What’s the most valuable lesson you’ve learned through the course of your career?
Always be truthful. I’ve always been honest, whether people like it or not. My reasoning is that there’s no point being dishonest, deceptive, or evasive because the truth always comes out anyway. Although sometimes people might doubt the truth, eventually they realize what’s real and what’s not.
What advice would you give to others aspiring to succeed in your field?
I never give advice, I give information. Everybody has an opinion, but being in possession of good, solid information allows people to make their own judgements. So, in answering the question, the information I would give somebody trying to break into the entertainment industry would be based specifically on what they’re trying to accomplish and what I think they need to know. Define yourself and what you want and then go after it!
How do you maintain a solid work life balance?
For the first 25 years of my career, my whole life was work. Now, I go fishing, I go boating, I visit people. I still get work done, but I now take time for myself and live life to the fullest because there’s no telling what tomorrow will bring. Over the past few years, I’ve started adding personal appointments to my calendar and it’s worked out very positively.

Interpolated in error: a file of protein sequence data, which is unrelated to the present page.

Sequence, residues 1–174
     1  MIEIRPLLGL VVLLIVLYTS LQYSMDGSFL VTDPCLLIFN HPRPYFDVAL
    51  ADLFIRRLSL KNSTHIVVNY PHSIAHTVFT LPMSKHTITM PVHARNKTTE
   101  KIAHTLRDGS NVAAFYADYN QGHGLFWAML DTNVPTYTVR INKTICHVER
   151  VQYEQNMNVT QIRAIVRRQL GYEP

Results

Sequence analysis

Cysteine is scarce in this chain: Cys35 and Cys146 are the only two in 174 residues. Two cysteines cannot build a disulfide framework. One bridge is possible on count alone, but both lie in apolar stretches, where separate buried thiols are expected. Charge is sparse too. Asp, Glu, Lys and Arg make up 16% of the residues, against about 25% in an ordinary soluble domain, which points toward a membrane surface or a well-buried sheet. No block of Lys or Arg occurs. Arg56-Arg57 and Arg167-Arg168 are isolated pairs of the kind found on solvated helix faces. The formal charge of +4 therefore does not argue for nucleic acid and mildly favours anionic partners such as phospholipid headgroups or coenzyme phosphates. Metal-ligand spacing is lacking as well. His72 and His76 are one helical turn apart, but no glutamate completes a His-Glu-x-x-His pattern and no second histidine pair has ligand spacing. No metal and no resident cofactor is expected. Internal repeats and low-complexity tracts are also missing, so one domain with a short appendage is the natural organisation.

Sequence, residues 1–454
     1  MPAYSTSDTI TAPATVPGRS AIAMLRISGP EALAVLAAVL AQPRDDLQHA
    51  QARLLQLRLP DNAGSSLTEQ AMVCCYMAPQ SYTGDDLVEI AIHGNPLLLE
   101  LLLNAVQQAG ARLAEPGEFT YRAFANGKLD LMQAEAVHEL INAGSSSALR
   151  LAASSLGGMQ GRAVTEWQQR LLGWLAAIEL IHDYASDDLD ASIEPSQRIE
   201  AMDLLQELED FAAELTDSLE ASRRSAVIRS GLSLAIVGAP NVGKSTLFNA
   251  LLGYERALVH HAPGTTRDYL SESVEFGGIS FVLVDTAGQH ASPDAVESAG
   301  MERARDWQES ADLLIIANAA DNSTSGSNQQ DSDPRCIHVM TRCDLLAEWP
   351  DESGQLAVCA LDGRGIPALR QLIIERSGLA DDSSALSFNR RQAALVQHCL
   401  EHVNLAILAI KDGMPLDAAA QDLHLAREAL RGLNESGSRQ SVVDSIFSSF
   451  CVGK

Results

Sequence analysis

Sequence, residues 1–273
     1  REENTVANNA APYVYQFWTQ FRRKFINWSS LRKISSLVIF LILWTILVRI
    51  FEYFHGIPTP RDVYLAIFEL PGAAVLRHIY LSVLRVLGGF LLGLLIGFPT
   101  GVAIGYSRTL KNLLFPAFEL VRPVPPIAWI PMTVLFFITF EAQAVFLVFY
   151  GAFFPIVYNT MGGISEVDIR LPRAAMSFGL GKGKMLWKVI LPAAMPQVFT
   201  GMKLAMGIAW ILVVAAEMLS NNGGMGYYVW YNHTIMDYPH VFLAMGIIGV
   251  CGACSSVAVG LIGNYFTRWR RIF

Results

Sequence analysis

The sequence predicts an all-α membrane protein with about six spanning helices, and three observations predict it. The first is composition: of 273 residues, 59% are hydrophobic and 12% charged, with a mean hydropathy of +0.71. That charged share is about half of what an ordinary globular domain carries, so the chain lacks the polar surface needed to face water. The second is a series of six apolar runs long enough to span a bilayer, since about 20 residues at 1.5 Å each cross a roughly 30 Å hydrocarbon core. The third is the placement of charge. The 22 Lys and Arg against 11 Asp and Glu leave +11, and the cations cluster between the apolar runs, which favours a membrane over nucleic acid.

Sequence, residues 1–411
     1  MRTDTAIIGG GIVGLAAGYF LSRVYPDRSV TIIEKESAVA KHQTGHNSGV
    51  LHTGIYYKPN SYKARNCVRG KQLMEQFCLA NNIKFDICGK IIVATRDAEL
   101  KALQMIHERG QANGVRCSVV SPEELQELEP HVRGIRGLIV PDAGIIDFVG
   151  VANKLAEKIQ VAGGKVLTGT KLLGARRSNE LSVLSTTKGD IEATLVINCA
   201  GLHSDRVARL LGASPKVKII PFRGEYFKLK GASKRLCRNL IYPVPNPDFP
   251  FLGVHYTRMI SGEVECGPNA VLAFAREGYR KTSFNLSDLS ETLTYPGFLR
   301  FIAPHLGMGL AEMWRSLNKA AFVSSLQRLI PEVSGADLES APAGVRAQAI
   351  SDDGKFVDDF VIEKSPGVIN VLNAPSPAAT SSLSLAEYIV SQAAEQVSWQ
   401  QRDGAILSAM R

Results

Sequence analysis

Who has been a role model to you and why?
Early on in my career, it was Merle Kilgore. He gave me one of my first very big positions in the music business which was representing Hank Williams, Jr. Merle gave me a lot of advice on how things worked in the business; what to look out for and who to watch. I learned a tremendous amount from him and worked with him all the way until he passed. He was an unbelievable mentor to me.
What is one piece of advice that you have never forgotten?
Merle Kilgore once told me “If a deal starts out squirrelly, it’ll probably get squirrellier. I’ve always remembered that line and, to this day, if something starts out weird, I walk away from it. If it starts out great, then I move forward.
What does success look like to you?
The key thing for me has always been to remember that we’re here to put smiles on people’s faces. I’m not curing cancer; I’m not a doctor or a lawyer. Those jobs are tough. It shouldn’t be hard for me to put a smile on somebody’s face. If we’re entertaining people and making them leave their worries at home, then we did our job. That’s what success means to me.